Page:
- Do Consider Your Content
- Don't Give Mobile Users the "Mobile Treatment"
- Do Serve Correct Assets
- Don't Serve Everything to Everyone
- Do Go Mobile First with CSS
- Don't Add Every Resolution as a Breakpoint
- Do Go Fluid, Fixed, or Mixed
- Don't Use a Framework if You Don't Need One
- Do Analyze and Optimize
- Don't Ignore Your Users
Don’t Serve Everything to Everyone
Not every mobile user has a broadband connection, and worse, many users may be roaming and paying an expensive premium for their data. Problems don’t just end with data however; every request for an asset or file is passed from device to tower to local network hub to internet provider and back again. As most of these connections are done wirelessly, the potential for data loss (as well as latency) is added. This can mean that your requisition may take 300ms, or it may end up taking 2000ms. Depending on the assets that you’re sending to the user, you may end up blocking the rendering of the page, sending multiple assets they are unable to use, or creating a page that takes minutes to load.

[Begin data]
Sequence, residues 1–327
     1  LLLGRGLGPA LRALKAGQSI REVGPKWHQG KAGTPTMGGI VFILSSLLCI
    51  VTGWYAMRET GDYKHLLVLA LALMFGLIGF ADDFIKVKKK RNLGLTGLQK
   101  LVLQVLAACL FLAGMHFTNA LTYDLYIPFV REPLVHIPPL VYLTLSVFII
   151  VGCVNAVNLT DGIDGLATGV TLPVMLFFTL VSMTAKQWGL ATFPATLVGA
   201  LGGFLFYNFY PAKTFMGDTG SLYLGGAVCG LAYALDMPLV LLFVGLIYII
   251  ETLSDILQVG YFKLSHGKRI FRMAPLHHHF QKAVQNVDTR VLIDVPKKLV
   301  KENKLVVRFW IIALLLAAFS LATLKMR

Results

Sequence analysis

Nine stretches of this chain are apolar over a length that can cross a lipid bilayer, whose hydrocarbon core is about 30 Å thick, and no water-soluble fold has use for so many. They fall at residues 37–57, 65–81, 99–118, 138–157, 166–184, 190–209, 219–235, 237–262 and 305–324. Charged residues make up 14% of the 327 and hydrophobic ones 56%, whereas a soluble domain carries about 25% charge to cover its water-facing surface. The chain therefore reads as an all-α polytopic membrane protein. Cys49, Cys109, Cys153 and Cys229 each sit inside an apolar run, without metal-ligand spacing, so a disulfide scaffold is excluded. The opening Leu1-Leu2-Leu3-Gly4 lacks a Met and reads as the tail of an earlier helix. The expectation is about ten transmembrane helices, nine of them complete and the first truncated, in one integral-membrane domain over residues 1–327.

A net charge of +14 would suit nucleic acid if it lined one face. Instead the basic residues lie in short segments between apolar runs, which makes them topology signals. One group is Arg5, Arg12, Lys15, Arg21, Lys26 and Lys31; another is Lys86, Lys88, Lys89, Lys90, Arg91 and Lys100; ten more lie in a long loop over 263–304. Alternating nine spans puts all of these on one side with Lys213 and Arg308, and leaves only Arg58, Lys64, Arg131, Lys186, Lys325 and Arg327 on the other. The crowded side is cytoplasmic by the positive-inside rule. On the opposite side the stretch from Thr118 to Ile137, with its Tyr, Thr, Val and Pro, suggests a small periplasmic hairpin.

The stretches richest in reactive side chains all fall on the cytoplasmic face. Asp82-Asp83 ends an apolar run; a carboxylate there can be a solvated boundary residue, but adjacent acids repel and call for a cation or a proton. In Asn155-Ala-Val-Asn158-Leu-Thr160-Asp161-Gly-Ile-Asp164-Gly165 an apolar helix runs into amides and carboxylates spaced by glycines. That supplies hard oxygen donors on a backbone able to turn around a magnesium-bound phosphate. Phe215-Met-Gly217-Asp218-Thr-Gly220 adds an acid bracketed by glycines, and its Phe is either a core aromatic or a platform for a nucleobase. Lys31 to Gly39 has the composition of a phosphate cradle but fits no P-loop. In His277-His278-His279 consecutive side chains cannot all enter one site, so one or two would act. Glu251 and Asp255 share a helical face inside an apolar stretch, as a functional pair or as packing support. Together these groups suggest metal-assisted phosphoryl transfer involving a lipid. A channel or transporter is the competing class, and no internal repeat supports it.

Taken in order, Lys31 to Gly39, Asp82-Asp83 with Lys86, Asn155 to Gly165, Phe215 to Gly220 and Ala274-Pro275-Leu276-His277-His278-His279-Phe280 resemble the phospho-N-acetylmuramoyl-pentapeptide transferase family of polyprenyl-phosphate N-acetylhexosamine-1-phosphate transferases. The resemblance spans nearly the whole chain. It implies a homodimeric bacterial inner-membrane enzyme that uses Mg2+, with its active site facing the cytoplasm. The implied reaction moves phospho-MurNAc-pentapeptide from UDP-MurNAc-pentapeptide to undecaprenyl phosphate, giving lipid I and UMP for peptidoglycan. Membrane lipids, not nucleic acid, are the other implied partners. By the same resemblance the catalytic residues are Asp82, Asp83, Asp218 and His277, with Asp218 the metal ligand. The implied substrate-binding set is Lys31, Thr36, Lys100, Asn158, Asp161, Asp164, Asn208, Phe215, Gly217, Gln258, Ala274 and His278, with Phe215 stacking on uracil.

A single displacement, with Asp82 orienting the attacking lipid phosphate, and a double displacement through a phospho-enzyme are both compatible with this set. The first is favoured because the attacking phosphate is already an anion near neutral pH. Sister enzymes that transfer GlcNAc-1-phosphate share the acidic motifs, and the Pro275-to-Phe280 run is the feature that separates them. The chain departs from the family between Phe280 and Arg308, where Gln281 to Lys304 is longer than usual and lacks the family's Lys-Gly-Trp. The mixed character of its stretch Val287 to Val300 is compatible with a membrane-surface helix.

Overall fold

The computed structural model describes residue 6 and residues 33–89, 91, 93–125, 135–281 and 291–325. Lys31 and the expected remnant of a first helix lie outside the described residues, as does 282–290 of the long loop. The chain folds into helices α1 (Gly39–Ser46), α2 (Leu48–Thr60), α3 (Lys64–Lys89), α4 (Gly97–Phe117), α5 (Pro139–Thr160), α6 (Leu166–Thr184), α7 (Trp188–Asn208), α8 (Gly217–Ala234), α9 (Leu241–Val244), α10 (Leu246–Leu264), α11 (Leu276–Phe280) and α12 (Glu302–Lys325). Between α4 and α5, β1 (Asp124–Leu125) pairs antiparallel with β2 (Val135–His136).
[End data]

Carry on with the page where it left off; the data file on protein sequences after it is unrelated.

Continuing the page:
An easy way to limit some of your assets is to use feature detection, use a server side pre-processing solution such as mod_pagespeed, and use a responsive image method such as the picture element or srcset.